Lawmakers in the new session of Congress have already filed bills going after the U.S. Supreme Court on two old issues: allowing cameras in Supreme Court proceedings, and challenging a 1976 ruling on campaign finance limits.
Representative Gerry Connolly (D-Va.) once again introduced on Friday the Cameras in the Courtroom Act, which would allow television cameras for all open sessions unless the justices decided it would violate the due process of the litigants.
Access to momentous deliberations in the Supreme Court is limited to just 50 seats for the public, Connolly said in a statement. “This limited seating suggests an elitism and propensity of secrecy unworthy of the third branch of our government,” Connolly said.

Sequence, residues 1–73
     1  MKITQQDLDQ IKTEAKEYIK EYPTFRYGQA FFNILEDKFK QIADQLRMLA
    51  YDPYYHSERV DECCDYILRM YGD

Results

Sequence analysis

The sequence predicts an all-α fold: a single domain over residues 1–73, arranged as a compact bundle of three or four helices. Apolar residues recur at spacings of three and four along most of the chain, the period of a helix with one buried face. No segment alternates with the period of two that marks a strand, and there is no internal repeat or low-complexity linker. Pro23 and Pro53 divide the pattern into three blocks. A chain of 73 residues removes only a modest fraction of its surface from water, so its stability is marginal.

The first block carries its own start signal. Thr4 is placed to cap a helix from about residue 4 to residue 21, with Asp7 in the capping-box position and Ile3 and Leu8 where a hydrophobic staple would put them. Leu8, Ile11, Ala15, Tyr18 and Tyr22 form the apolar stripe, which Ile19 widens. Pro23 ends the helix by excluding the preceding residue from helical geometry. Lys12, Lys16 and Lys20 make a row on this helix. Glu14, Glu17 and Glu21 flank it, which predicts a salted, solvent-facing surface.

Representative Ted Poe (R-Texas), a former prosecutor and judge in Texas, is a co-sponsor on the bill. Connolly introduced the same bill a year ago with 23 co-sponsors, but it was referred to the House Judiciary Committee and never seen again.
Representative Marcy Kaptur (D-Ohio) has once again filed a bill asking her fellow congressmen to call out the Supreme Court’s famous 1976 decision on campaign financing in Buckley v. Valeo. The same bill last year died in the House Judiciary Committee.
Kaptur’s bill once again states that the Supreme Court misinterpreted the First Amendment and failed to recognize that the unlimited spending of large amounts of money on elections has a corrosive effect on the electoral process.